The Morphing of Religious Practices

by Mike Penn

Spirituality and religion will become more self-defined. There will be a morphing of religious practices and denominations. In essence, people will mix and pour their own religious cocktails.
Faith Popcorn [pen name], BrainReserve

In an open, borderless digital society where competing ideas, philosophies, and spirituality intermingle freely, the inevitable is about to take place—the interbreeding of religions. Only this time, it will be a little different than what has taken place in the past.

Faith Popcorn, founder of the trend research firm BrainReserve, offers us some insight, "What's different about this spiritual awakening is that there's very little agreement on who or what God is, what constitutes worship, and what this outpouring means . . . The need to anchor has found expression in all of the world's religions, whether they celebrate the Old and New Testament God, Buddha, Allah, Brahma, unnamed higher powers, or self–discovery." {1}

According to Popcorn, people are seeking a spiritual connection where they can define themselves. They do not want to be told how to live or what to worship. They demand choices. People shop not just for a particular brand of product (such as a denomination) but to "join a brand" and make it a source of identity. In essence, they want to join a religion that can adjust itself to fit the individual—personalized spirituality to satisfy one's own individual taste. {2}

To satisfy this longing for self–identity, the Net will soon explode with a smorgasbord of hybrid spiritual entities and multifaith religions that promise a wide assortment of love, brotherhood, charity, and justice.

In the New Economy, the customer rules. What he wants . . . he gets. Empowered with infinite knowledge and self–centric desires, he demands choices and total control. That's why we see e–businesses scrambling to build relationships with customers and deploying customer–initiated, customer–controlled exchanges. Offerings are seamlessly and inseparably bundled to meet the needs of a customer.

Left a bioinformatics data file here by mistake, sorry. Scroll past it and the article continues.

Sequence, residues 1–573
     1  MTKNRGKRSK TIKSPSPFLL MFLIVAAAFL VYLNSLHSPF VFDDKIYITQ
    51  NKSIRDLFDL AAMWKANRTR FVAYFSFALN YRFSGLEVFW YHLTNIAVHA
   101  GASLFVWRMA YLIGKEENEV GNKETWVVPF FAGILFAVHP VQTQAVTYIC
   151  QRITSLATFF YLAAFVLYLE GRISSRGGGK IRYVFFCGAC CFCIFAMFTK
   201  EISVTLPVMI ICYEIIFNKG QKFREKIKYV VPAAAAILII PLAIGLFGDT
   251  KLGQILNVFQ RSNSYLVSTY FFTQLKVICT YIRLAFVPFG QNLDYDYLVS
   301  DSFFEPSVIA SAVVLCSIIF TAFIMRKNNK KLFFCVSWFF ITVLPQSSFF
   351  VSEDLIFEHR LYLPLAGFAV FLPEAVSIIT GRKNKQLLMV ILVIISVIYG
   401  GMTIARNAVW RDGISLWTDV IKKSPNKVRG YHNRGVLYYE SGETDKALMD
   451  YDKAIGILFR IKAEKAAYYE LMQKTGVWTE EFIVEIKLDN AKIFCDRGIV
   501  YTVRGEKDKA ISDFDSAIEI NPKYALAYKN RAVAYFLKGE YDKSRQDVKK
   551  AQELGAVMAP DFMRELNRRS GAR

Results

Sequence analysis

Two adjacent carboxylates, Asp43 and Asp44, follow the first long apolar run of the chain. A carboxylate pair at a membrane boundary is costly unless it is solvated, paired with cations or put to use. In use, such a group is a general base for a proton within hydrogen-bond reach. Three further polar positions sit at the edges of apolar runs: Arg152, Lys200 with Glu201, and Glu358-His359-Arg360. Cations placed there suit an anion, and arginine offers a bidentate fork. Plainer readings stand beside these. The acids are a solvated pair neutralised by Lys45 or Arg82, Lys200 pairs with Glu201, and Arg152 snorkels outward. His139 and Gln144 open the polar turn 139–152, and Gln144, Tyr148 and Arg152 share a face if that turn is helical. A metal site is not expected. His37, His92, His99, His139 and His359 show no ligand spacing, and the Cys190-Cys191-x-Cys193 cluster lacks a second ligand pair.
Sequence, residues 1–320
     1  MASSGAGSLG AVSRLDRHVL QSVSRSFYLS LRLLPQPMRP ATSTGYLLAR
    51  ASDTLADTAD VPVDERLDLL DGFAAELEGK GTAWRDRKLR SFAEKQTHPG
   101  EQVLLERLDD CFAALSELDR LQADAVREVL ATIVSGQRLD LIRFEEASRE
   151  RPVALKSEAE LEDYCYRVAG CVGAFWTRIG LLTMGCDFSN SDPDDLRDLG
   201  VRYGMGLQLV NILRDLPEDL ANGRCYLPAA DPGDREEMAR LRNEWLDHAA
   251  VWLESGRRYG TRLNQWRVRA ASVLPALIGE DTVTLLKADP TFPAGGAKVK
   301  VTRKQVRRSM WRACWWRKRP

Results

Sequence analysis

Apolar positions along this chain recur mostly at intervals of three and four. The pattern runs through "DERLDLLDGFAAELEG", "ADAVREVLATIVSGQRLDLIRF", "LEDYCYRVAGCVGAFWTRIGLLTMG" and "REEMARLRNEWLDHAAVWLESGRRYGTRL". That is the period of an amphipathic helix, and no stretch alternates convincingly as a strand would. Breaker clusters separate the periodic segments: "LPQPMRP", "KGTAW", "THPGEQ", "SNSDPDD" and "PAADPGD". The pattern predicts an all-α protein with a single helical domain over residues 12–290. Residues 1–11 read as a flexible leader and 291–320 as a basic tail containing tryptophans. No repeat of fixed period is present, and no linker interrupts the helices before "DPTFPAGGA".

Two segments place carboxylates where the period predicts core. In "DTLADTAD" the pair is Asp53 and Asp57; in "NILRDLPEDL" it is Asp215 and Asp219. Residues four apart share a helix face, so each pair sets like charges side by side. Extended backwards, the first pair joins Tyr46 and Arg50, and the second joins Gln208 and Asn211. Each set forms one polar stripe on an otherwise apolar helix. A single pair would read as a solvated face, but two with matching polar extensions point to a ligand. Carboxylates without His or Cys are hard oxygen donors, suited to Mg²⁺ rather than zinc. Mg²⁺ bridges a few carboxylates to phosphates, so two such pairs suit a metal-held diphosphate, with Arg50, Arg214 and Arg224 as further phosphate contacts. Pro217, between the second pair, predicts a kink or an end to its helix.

The new hybrid religions emerging will emulate the same models as used in e–businesses—utilizing a sort of reverse marketing approach to create a religion designed to fit the customer rather than having the customer cater to a specific theology. In other words, the customer will have a hand in co–developing his own personalized spirituality (see also Digital Cartels Emerging and Shrink–Wrap Your Own Spirituality).

Three things will be evident—the religion will operate like an e–village, theology will be home–brewed, and "spirit guides" will replace an almighty true God.

Spiritual e–Villages—The new hybrid religions will operate more like an e-marketplace of services rather than a place of worship. Third-party metamediaries will develop electronic hubs—morphing the best practices and offerings from multiple faiths, psychology, and science into activity clusters packaged around people's lifestyles.

Home-brewed Theology—In a digital age of "choice on demand," a new type of religion will be marketed to the people. It will not focus on the omnipotent, omniscient, unchanging God that biblical Christians have worshipped for centuries. Rather, the new, self–customized religion will be a home–brewed version to fit the impatient, Information Age culture. It will be personalized to fit what people want a god to be . . . one that complements their self–identity. It will be tolerant, accommodating, and self–reassuring, preaching a more social type of gospel—brotherhood, good works, peace, justice, charity, and good will.